May 2, 2015
Running an ultra marathon isn’t easy. It takes a hell of a lot of mental “preparation” to tackle distances beyond and sometimes FAR beyond the distance most people find daunting – the marathon. It takes putting in the work, otherwise you won’t make it. You will suffer greatly out in the middle of nowhere, where most of the time there is no reception. It takes putting on your big-girl or big-boy pants and trusting that your training will all work out for you. It takes being smart about pacing, terrain, weather and taking in the right amount of calories per hour. It is work and it is sacrifice. It takes a sense of humor, especially when you find yourself face planted along the trail. One minute you’re on top of the world and then the next, boom, you’re down. And your family has to be on board with it. And sometimes it sucks. I started running ultras in 2013, in preparation for a long stage race in Iceland. I remember the morning of my first 50k, the Way Too Cool 50k, I got down on my knees the morning of and wished myself the best. It was scary. Since then, I have run 4 50 milers, many 50ks and 1 100 miler. Except for a few 50ks last year, most of the 50ks were doable – at least in my head. This year, I found out I got into one of the toughest 100ks in the US, the Miwok 100k in the Marin Headlands. There is a lottery to get into this race. Mostly because it is a Western States 100 qualifier (one of the few in california) as well as for the mecca of ultras, Ultra-Trail Mont Blanc, in the Alps. The elevation profile is 12,000 feet of elevation over 62 miles.
When I found out I got into Miwok, I knew that this would be one of my toughest races ever run and that if I finished this race, I’d feel confident that I could tackle tougher ones. I tend to take things slowly – normally don’t jump into things I don’t think I can handle (well, except Iceland). Thing is, I had some flatter A races on my training calendar from January through April. I ran the Way too Cool 50k again in March, the American River 50 miler in April and then two weeks later ran the Boston Marathon. So relatively flatter races. In the back of my mind, I knew that I hadn’t gotten enough vertical training in, but my coach assured me that I just needed to pace conservatively and that I usually raced very well in the headlands. That it would be like a longer version of the North Face Endurance Challenge 50k, which I’ve done twice. Ok, so I just had to trust that I had the endurance and then take it one step at a time.
We started out the race at 5am, with check-in starting at 4am in the Stinson Beach Community Center. My friend and I arrived early, as usual, and so we had time to find a spot along the wall and watch the runners arrive. Pretty soon the room was absolutely packed and I started running into friends, one of which was Emma Davies (an amazing ultra runner) whose husband, Ethan (also a very well-known ultra runner) was participating in the race. We both live in Pleasant Hill and often run into each other on the trails and usually stop to chat. Talking with Emma really soothed my nerves. She asked me what she could do for me if she saw me at one of the aid stations and I said “just give me a lot of love!” “I can do that!” she said. So off we went into the darkness, a glowing caterpillar of runners making their way up the Dipsea Trail up to Cardiac. I made sure to start out at the back of the pack and not worry about being passed. I wanted to make this “my” race, meaning no pressure about time and just taking care of myself.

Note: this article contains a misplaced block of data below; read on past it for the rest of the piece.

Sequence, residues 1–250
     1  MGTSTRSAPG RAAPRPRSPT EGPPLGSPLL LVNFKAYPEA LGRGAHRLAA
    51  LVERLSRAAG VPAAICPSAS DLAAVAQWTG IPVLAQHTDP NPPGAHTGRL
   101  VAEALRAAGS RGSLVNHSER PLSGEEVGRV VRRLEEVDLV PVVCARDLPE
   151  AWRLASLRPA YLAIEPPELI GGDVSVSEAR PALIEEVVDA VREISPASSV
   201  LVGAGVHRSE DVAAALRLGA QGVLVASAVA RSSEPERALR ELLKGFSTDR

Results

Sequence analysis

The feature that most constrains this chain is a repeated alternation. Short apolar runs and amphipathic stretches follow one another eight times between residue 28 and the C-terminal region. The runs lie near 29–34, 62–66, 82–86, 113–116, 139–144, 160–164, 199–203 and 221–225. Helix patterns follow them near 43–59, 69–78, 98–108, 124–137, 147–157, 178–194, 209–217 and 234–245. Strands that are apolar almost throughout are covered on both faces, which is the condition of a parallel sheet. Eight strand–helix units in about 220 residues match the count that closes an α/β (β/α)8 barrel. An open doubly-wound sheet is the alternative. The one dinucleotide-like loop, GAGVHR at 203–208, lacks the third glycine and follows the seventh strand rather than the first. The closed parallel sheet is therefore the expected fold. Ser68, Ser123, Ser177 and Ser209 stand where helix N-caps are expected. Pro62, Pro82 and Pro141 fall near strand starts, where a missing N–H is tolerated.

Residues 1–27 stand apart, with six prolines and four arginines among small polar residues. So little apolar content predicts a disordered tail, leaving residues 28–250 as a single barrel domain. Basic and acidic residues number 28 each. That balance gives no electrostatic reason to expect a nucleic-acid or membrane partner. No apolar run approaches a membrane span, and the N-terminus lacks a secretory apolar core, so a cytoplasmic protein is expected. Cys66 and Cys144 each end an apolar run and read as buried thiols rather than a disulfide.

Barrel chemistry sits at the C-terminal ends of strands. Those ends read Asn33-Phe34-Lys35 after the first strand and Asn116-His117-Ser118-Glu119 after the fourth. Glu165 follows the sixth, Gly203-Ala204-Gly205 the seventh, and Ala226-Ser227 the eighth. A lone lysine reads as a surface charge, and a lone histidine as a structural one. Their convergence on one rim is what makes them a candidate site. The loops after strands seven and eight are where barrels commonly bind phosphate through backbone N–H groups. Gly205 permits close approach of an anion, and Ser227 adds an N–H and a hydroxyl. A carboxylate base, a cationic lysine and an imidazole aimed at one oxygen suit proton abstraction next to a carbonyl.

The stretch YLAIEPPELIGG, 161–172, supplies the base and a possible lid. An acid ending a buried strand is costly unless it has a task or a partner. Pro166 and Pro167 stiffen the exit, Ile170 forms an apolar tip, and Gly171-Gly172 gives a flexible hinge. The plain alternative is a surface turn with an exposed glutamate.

I told myself that I needed to get my usual 250-300 calories in per hour. That consisted of 1 gel, a quarter of a probar (90 calories) and then 100 calories worth of Tailwind. Every 2 hours I would take 2 tums and I would drink water like I normally do. The weather wasn’t hot, which was a bonus, otherwise this race would be an entirely different animal. And we had a nice ocean breeze and probably the most beautiful views in the world. I stuck to my nutrition plan and also hoped to get to mile 26 feeling good, which I did. It helped greatly that I ran into Jenni and Jesse who are also pretty well-known in our little ultra community. The minute Jenni saw me (she calls herself “Jenni Love” and the name suits her perfectly) she said “where’s your drop bag?” she found it for me and help me reorganize my pack. From then on, it was a roller coaster of feeling “just ok” to “tired and over it” to feeling a surge of energy. The thing about ultras is that one minute you’re on top of the world and then the next minute you can feel like hell. And what we know about this sport is that things CAN turn around. Even from the lowest of low points. The high point was knowing I was almost at mile 48 where I could pick up my pacer, Jody. And the 2 miles to mile 48 were all downhill – my strength. Once I saw Jody, I felt new life, knowing I would be running with someone. Jody had paced me at my first 100 miler so I knew that she knew my style. There was a horribly demoralizing section, an extremely tight and slanted single track trail called the Coastal Trail. You tackle it on the way to mile 48 and then when I realized I had to run it AGAIN, I started to suffer. Ugh. Not that section. In my head I called it “the little house on the prairie trail” as it is so pretty but not at mile 54! At this point I’m dry heaving, still able to eat, but just over it. But somehow that trail ended and then we hit the 2 mile very technical Matt Davis trail down towards the finish line. I fell twice, right on my face these last 2 miles. And then I started to complain that this stupid trail was never going to end and that my garmin already showed 62 miles. I would never finish. Then I see a guy leaning against a tree, clapping. I was like “what is that fool doing while I’m suffering here?” I know, bad attitude. He says to me, the finish line is 200 yards away. I asked Jody how far that was (duh, I should have known, but the brain wasn’t working anymore) and before she could answer the trail opened up and I suddenly found myself on the road running towards the finish line with a bunch of spectators clapping for me. I had finished the Miwok 100k. Got my Western States qualifier and could now sit down. The great thing about ultra running is the people you meet along the way. A friend was waiting for me with a chair, sat me down and then I had people around me asking me what I needed. I just wanted to chill and not speak. To anyone. And that was respected. About a half hour later, I was able to grab a plate of food and converse. Recovery went well, ate like a horse for a few days – another great thing about running these long distances. You get to eat whatever you want! The next day I had to rush to Los Gatos to my daughter’s soccer game. The moms know I run ultras so they asked me what I had just run and the looks on their faces. It was fun messing with them – I told them I was going straight to Safeway after the game to buy a pint of Ben & Jerrys and that I was going to eat the whole pint in one sitting. I mean, who wouldn’t want to do that guilt free?